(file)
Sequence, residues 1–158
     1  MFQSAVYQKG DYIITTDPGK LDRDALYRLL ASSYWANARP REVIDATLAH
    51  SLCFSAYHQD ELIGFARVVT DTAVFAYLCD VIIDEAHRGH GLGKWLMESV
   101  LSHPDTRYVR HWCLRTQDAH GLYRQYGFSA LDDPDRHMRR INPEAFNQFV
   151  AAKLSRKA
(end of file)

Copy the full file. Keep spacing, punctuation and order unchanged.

Sequence, residues 1–158
     1  MFQSAVYQKG DYIITTDPGK LDRDALYRLL ASSYWANARP REVIDATLAH
    51  SLCFSAYHQD ELIGFARVVT DTAVFAYLCD VIIDEAHRGH GLGKWLMESV
   101  LSHPDTRYVR HWCLRTQDAH GLYRQYGFSA LDDPDRHMRR INPEAFNQFV
   151  AAKLSRKA